This time of change is. . .
overwhelming
disheartening
discouraging
frustrating
challenging
frightening
unnerving
unending
unfair
but here it is, none the less. . .
Discussions are beginning
Decisions are having to be made
Not all parties are happy
Hoping for the best. . .
Once the winds finally cease their shifting,
We will see where this all lands. . .

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(a tulip tree bud / Julie Cook / 2015)

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(mist covered moss / Julie Cook / 2015)

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(dandelions don’t look so bad close up / Julie Cook / 2015)

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(tulip tree bud up close and personal / Julie Cook / 2015)

Where is your Peace?

Above all things let us never forget that mankind constitutes one great brotherhood; all born to encounter suffering and sorrow, and therefore bound to sympathize with each other.
Albert Pike

We need to find God, and he cannot be found in noise and restlessness. God is the friend of silence. See how nature – trees, flowers, grass – grows in silence; see the stars, the moon and the sun, how they move in silence… We need silence to be able to touch souls.
Mother Teresa

“Spirituality is not to be learned by flight from the world, or by running away from things, or by turning solitary and going apart from the world. Rather, we must learn an inner solitude wherever or with whomsoever we may be. We must learn to penetrate things and find God there.”
― Meister Eckhart

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A female mallard glides gently in the pond in the Boston Public Gardens / Boston, Massachusetts / Julie Cook / 2014

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My heart is agitated and restless within me.
I am troubled by our times.
Global headlines are dire and grim.
Our own country is troubled by an exodus which is flooding into our land as we fret and worry how to best tend to these masses.
The weight of heartfelt burdens grow by the minute.

Yet you tell me simply not to worry.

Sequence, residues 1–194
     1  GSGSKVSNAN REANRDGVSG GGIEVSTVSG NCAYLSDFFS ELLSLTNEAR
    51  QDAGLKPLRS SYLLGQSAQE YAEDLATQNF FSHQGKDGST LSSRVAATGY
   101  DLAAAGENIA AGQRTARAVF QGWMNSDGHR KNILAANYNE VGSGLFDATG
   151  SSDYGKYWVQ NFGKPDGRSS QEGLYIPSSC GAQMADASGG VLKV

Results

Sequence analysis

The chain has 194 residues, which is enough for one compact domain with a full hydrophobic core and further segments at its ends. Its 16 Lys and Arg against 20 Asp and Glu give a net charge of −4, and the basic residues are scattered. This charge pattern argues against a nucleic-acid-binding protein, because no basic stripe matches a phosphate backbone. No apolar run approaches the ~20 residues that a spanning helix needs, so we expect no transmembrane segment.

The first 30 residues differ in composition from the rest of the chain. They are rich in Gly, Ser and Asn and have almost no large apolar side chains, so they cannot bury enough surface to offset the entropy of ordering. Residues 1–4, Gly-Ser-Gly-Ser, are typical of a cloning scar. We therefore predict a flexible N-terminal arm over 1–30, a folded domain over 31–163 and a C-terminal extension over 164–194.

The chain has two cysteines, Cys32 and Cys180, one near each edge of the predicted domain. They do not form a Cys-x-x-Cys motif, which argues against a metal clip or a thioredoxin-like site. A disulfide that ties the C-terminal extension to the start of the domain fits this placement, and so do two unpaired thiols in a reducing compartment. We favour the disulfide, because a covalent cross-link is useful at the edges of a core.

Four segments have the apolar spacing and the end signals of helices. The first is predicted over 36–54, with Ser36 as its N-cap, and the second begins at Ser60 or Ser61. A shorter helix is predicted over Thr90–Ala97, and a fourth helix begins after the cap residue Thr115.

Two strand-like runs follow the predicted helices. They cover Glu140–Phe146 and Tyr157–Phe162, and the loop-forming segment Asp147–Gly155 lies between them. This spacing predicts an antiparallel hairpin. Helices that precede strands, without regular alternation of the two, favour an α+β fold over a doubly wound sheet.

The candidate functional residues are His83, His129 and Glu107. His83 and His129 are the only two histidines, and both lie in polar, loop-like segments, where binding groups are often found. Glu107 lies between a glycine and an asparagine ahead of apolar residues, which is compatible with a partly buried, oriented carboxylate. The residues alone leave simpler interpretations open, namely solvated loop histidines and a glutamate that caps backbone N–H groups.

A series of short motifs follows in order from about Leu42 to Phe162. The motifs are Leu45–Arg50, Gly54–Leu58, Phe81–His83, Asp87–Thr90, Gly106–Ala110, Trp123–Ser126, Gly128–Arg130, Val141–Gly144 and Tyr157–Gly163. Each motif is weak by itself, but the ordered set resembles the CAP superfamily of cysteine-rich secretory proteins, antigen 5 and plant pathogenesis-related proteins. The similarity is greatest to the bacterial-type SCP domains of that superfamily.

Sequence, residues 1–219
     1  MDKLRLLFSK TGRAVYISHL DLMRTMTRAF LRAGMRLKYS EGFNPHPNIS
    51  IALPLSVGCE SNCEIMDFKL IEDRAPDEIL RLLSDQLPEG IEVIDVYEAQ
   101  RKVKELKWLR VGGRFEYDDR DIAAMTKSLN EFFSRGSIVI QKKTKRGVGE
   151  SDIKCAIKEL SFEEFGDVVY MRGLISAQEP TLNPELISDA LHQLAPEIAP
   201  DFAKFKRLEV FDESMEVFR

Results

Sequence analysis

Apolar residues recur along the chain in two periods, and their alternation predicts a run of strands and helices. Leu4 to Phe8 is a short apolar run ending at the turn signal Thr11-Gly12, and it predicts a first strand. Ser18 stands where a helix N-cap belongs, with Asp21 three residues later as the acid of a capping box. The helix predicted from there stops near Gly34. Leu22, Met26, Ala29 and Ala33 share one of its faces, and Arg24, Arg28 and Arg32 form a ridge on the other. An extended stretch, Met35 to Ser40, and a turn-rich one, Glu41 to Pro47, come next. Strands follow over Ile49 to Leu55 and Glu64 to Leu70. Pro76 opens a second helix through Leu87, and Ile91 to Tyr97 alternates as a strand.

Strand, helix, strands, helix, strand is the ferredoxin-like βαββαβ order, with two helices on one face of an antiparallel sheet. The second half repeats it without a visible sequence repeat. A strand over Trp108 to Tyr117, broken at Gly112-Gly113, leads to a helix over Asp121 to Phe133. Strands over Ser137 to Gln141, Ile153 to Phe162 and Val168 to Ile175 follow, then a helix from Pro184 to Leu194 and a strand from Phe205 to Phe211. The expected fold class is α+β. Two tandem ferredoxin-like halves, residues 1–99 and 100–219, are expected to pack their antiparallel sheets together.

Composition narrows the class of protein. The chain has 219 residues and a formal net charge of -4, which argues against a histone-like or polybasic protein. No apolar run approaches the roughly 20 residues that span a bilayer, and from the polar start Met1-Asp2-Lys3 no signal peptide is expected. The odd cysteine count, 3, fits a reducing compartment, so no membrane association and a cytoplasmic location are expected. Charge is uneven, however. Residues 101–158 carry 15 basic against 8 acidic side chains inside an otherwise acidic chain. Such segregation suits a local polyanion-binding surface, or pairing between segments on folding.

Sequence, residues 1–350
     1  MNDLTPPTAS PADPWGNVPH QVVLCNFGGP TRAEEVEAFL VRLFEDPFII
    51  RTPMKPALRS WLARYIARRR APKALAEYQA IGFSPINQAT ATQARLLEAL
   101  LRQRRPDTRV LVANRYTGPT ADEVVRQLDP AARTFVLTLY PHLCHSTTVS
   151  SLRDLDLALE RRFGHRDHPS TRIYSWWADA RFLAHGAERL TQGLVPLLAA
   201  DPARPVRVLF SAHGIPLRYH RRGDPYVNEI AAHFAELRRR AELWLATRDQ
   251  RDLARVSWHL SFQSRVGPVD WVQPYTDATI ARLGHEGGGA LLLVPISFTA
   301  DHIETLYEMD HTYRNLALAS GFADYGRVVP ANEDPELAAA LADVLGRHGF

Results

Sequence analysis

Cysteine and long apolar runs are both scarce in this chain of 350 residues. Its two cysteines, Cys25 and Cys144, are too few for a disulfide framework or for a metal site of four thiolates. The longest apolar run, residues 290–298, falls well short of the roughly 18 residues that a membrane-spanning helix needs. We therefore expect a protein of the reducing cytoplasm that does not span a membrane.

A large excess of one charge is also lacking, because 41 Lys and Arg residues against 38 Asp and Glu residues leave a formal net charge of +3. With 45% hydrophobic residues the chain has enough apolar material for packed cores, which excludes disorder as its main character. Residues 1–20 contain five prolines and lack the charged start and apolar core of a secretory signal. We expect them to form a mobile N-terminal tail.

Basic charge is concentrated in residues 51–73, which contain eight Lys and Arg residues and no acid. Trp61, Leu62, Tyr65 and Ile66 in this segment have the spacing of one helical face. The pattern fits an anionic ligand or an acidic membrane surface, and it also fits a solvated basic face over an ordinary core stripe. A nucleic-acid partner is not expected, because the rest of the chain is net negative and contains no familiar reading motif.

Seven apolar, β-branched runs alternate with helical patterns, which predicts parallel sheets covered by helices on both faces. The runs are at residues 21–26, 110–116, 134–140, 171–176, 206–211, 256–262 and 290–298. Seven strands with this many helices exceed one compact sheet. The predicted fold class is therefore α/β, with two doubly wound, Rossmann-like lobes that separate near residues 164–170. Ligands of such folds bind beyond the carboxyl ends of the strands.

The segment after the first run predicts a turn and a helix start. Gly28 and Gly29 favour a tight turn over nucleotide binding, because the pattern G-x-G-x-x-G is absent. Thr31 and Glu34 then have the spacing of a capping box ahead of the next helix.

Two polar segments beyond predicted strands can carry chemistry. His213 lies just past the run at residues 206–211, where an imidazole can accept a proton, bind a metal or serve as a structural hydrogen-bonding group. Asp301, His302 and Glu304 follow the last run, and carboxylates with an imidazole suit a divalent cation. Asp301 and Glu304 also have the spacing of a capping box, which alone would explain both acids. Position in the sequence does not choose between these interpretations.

“Forget about it”
“Don’t dwell on the negative”
“Think happy thoughts”
“None of this effects you, why worry”
“You can’t do a thing to change it, so don’t think about it”
“You don’t have a dog in this fight, therefore it’s of no concern”
“Be the ostrich and just put your head in the sand”

But I will not will myself to forget about troubles in our world.
I will not pretend everything is fine just because I am not being directly impacted.
It is true that there is very little I can do, if anything at all, to alleviate any of these maladies.
I am helpless, just as you are, watching dramas play out daily in the headlines.

But I ask you, how do I:
Tell the Dutch people not to worry?
Tell the Malaysian Airliner Company not to worry–agian?
Tell the Malaysian people not to worry–again?
Tell the Ukrainians not to worry?
Tell the Russian people not to worry?
Tell the EU not to worry?
Tell the small bordering countries of Russia not to worry?
Tell the Israelis not to worry?
Tell Jews worldwide not to worry?
Tell the Palestinians not to worry?
Tell the children of Mexico, Guatemala, Colombia, El Salvador not to worry?
Tell the Americans in the border towns not to worry?
How do I tell all the parents who have lost and are losing children throughout the past week to simply dry those tears and carry on?

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Where does your peace hide?
Where is your wellbeing located these woeful days?
Not your distractions.
Not your diversions.
Not your poisons to deaden any and all feeling.
But rather your Peace?
Your wellbeing?
Your clam?
Your anchor?
Your harbor?
Your refuge?

In such times, it is to Nature, which offers a soothing clam, that I turn.
In Nature is where I may observe life, as it goes steadily and happily along, despite global worrisome events.
To spend sacred time silently with the Creator of the Universe.
Finding in Him and in His handiwork the offerings of silence, of hope and of beauty which joyfully continues spilling froth from all His creation.
Here is where I find it possible to offer prayers for hope because here is where hope still exists.

May you find that place which continues to hold you in comfort and care—that place which offers you Peace. . . and may you then, in turn, offer prayers for the desperate healing of which our world is in such need. . .

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(St Francis in a small garden adjacent to the Old North Church / Boston, Massachusetts / Julie Cook / 2014)

Listen to my words, Lord,
consider my lament.
Hear my cry for help,
my King and my God,
for to you I pray.
In the morning, Lord, you hear my voice;
in the morning I lay my requests before you
and wait expectantly.
For you are not a God who is pleased with wickedness;
with you, evil people are not welcome.
The arrogant cannot stand
in your presence.
You hate all who do wrong;
you destroy those who tell lies.
The bloodthirsty and deceitful
you, Lord, detest.
But I, by your great love,
can come into your house;
in reverence I bow down
toward your holy temple

Psalm 5: 1-7

When does 669 equal 15,000?

“The soul is healed by being with children.”
― Fyodor Dostoyevsky

“I work on the motto that if something’s not impossible, there must be a way of doing it.”
Nicholas Winton

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(Nicholas Winton in 1938 with a young Jewish boy in Prague)

The year is 1938.
You’re 28 years old, a young British stock broker—successful and living the good life.
You’ve been keeping up with the current events throughout Europe, with a particularly keen interest in Czechoslovakia.
Hitler is on the march.
The Czechs, particularly the Jews, are trying to get out while they still can.
The war drums are beginning to echo from across the English Channel.